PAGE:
I had a little bit of trouble thinking about this passage at first. Jerusalem should not be your top joy; God should be the top joy. However, the more I thought about it, the more I realized that Jerusalem was more than just a city made out of stones.

Jerusalem was the heart of the Promised Land. It was a large part of the promise that was given to the people of Israel by God. Because of their disobedience, they temporarily lost that piece of land, but Jerusalem was the earthly centerpiece of that promise. It had a lot more value than an average city. God gave them the land, and Jerusalem was the capital.

Beyond that, the Temple was in Jerusalem. It was the main place where you would worship God. I understand that you can worship God anywhere, but the Temple was very important for the people of Israel at that time. The chief priest communicated with God through the Holy of Holies for all the people at specified times. Needless to say, Jerusalem was important for that reason as well.

Jerusalem was so much more than just a city. It was an important way for all of the people to worship God and interact with God. It seems to me that that is what we are talking about here. God is still the chief joy, but Jerusalem was a very important part of the relationship that God had with the people of Israel. That relationship was central, but Jerusalem was the symbol of that relationship.

Psalms 136: Thoughts on Worship

Psalms 136 involves a history of the great things that God has done for Israel. We see everything from the escape from Egypt to the parting of the Red Sea, the establishment of Israel and His provision for and this young nation.

The more interesting part about this chapter is that every single verse ends with the same phrase “for his mercy endureth for ever.” It is obviously a main point that was trying to be communicated here. It was the refrain that brought everything else together.

The word mercy here could also be translated as kindness. This Psalm is all about remembering what God has done and remembering His great kindness to do what He did.

I think that we could learn a lot from this approach. I have talked about it before, and I will probably talk about it again, but we need to have this grateful mindset. We need to remember that God is good, and we need to remember that He gives so much to us.

I just wrote about worship, and a huge part of worship is that thankfulness and recognition. It is putting God in the spot that He properly deserves in our lives. He ought to be the most important thing, and having this attitude of constant praise and reverence will remind us to keep Him there are and not try to find a replacement.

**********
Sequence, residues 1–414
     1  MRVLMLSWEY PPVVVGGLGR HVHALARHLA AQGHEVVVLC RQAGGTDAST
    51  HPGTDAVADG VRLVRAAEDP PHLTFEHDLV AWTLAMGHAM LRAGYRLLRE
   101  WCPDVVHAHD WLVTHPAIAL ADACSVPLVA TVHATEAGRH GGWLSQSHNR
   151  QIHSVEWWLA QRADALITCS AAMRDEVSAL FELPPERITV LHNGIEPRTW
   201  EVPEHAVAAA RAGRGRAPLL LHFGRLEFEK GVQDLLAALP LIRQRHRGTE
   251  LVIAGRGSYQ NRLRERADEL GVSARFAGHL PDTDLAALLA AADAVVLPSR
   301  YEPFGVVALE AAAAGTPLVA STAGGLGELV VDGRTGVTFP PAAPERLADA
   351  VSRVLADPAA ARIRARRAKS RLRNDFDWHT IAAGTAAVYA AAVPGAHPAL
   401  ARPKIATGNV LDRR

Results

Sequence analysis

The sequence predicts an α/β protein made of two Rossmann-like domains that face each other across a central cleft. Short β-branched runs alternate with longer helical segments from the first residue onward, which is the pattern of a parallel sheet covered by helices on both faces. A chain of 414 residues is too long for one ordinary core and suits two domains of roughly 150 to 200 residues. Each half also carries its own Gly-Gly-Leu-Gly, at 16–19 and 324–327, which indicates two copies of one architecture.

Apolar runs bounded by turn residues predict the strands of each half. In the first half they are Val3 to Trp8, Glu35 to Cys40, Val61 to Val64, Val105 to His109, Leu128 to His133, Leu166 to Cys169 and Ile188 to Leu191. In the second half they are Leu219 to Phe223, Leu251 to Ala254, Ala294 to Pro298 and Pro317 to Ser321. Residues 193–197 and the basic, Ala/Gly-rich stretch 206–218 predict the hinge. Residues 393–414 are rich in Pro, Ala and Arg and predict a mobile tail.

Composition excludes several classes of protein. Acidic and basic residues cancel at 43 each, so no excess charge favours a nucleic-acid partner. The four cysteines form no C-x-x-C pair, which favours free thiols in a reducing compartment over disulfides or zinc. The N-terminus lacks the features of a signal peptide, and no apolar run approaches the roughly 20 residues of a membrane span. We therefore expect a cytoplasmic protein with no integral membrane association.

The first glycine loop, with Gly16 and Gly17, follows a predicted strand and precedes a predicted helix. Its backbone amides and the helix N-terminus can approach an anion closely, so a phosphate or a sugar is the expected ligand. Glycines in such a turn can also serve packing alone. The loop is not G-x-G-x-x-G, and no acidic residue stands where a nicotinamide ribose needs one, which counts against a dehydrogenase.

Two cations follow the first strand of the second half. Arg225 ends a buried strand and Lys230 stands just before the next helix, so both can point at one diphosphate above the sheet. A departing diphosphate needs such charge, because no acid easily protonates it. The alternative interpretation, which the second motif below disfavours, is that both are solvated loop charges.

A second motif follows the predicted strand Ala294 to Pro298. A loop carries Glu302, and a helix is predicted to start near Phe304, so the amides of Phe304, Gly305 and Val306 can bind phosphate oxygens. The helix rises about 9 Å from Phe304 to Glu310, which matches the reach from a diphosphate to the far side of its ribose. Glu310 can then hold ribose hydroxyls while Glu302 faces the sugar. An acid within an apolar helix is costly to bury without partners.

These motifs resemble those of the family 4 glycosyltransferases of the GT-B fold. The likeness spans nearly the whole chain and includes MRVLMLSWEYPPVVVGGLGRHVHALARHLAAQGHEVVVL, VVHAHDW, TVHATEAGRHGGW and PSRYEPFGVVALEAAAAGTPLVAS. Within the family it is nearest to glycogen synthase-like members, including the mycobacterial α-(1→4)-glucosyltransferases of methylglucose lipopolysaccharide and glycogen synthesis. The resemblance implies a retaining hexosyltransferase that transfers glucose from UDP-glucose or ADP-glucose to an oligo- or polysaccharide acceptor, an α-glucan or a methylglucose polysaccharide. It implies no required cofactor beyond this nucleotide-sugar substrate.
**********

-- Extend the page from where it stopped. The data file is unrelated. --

I know that it is easy to say, but this can be difficult to live out. In this chapter, we hear all kinds of great things that happened Israel. It is easy to praise God when things are working out very well. It is easy to thank God for giving me a job or helping me make a new friend.

It is a lot harder to keep this attitude things are going badly. I entirely respect and understand that. I’m the same way. It is a lot harder to actually practice this. However, we are told that God’s mercy endures forever. If His mercy endures infinitely, then He is still the same even during the bad times.

As a result, if God is the same, then we ought to praise Him just the same even when we don’t feel like it.

Psalms 135: Acting like Humans

In Psalms 135, we hear about the exceptionalism of God. We hear about what sets Him apart from all other gods, and then you get near the end of the chapter and you come across this passage which really blew me away.

Psa 135:15  The idols of the heathen are silver and gold, the work of men’s hands.

Psa 135:16  They have mouths, but they speak not; eyes have they, but they see not;

Psa 135:17  They have ears, but they hear not; neither is there any breath in their mouths.

Psa 135:18  They that make them are like unto them: so is every one that trusteth in them.

I love this passage. Basically, there is a comparison in this chapter being made between all the great stuff that God has done, and this is how the other gods are described.

I had to think about this, and I was trying to think of an exception to the rule. However, when you think about the Greek pantheon for example, the gods certainly have superpowers, but in terms of personality and actions, they are very human. I don’t know a lot about Hinduism, but the little bit I do now seems to fit in with this theme as well. The millions of deities certainly do have powers that humans don’t have, but many of them do it like humans. I think that is what he is talking about in verse 18.

Contrast that to the God of the Bible. A major point of God is that He is substantially different humans. He is a perfect type of being that we can never be. His ways are not our ways. We might not understand everything that He does even though we accept that He does indeed do those things. Our God is not confined to our imagination but is by definition infinite. We cannot comprehend infinity.